All were putting in the hard yards behind the scenes, among many more female athletes around the country, but mostly in the shadows away from the media spotlight. The magnitude of what women’s hockey achieved in Rio may have been was immense – but the fact that it was beamed into the hearts and minds of spectators across the country made its significance even greater for women’s sport. It is moments like these which captivate and inspire a nation.
The raw emotion that streamed out of the GB hockey girls on Friday, August 19 is the same feeling we experienced after winning the ICC Women’s World Cup in 2009 in Sydney, followed a few months later by Claire Taylor and Beth Morgan chasing down an inconceivable total against Australia in the ICC Women’s World Twenty20 (WT20) semi-final at the Oval. It was the same emotion that erupted when we backed it up, under the pressure of performing at home, to beat New Zealand in the ICC WT20 final at Lord’s Cricket Ground. That year, and those moments, will be treasured forever.
I found myself comparing the women’s hockey triumph to our own and the most notable difference was the coverage and legacy it created back home. Shortly after our World Cup glory we were informed that our lives would change. More support would pour in from sponsors and there would be plenty of coverage on the back pages and across television. Yes, the media coverage was amplified for a day or two, but it quickly dwindled. I remember getting on the team bus to Lord’s on the day of the ICC World T20 final, just two months after lifting the ICC World Cup trophy, when the men had already been knocked out and we were the only hope of lifting a trophy on home soil. Despite our recent success, it appeared that the general public were unaware our competition was even taking place. On the way to the match, I saw a pub promoting the men’s game between Pakistan and Sri Lanka. We hadn’t even managed to garner a mention, even as the host nation.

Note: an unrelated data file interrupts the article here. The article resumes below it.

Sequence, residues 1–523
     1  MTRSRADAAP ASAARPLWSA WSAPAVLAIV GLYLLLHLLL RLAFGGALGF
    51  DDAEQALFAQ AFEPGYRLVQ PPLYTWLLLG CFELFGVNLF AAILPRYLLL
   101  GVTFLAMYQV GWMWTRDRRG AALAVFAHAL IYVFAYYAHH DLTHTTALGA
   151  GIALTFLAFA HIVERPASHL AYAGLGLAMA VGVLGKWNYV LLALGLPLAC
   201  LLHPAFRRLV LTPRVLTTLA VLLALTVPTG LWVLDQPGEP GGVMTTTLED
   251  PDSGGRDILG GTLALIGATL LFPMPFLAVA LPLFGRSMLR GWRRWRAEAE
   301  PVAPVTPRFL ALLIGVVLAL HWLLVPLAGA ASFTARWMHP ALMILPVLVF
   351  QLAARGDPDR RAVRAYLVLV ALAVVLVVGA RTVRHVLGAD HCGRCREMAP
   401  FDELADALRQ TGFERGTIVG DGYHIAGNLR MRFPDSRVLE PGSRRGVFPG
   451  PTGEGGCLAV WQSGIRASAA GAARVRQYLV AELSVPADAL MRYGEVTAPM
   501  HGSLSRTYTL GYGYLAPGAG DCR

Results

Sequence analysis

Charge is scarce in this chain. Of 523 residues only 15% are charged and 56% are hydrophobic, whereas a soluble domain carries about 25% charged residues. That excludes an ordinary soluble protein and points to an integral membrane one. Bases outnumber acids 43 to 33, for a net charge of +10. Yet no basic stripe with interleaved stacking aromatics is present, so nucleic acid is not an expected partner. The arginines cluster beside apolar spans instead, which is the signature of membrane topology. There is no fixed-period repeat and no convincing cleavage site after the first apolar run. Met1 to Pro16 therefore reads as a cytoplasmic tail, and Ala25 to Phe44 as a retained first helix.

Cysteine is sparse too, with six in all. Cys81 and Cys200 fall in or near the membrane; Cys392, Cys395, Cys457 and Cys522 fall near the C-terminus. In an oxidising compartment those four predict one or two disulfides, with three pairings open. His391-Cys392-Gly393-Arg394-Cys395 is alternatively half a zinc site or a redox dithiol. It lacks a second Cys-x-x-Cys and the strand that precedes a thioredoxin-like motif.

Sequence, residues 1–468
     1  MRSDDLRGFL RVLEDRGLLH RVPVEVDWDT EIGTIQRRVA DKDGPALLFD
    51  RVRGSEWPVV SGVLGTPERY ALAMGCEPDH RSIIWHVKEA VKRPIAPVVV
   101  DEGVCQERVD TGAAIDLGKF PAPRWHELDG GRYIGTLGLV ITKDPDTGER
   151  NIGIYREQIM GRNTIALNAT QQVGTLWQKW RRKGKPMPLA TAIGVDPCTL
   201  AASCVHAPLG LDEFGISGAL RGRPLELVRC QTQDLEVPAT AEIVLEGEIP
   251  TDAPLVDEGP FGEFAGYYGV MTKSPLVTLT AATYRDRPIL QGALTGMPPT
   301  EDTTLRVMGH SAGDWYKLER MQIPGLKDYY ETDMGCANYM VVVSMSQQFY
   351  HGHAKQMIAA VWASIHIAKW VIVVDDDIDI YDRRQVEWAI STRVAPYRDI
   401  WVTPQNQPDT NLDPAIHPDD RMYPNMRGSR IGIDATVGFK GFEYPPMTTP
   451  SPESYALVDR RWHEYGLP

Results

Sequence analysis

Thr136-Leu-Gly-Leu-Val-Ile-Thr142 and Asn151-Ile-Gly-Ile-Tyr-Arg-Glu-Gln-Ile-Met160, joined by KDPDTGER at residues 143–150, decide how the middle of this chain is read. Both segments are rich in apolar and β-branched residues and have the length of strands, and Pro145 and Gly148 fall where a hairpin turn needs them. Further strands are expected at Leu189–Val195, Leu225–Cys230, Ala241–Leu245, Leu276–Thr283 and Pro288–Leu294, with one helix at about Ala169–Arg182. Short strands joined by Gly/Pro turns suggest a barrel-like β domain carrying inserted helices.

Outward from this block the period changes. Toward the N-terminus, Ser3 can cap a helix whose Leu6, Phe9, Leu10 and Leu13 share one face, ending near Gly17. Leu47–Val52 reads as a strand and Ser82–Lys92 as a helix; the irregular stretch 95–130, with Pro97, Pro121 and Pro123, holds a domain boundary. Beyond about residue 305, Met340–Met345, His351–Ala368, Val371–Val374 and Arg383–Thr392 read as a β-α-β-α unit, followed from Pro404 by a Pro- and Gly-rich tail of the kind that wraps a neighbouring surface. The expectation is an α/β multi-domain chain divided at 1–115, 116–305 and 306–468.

And yet it was the start of something. With backing from the ECB and the tireless work that Clare Connor (Director of English women’s cricket) and many others around the world were facilitating behind the scenes, people began to take note. These days women’s cricket is in the best place it has ever been.
Promotion for the ICC Women’s World Cup - which starts in the UK in 100 days - began two years ago. Huge adverts were placed on the London Underground from as far back as September last year. People who don’t watch women's cricket, or even cricket for that matter, are talking about the tournament and we are still four months out.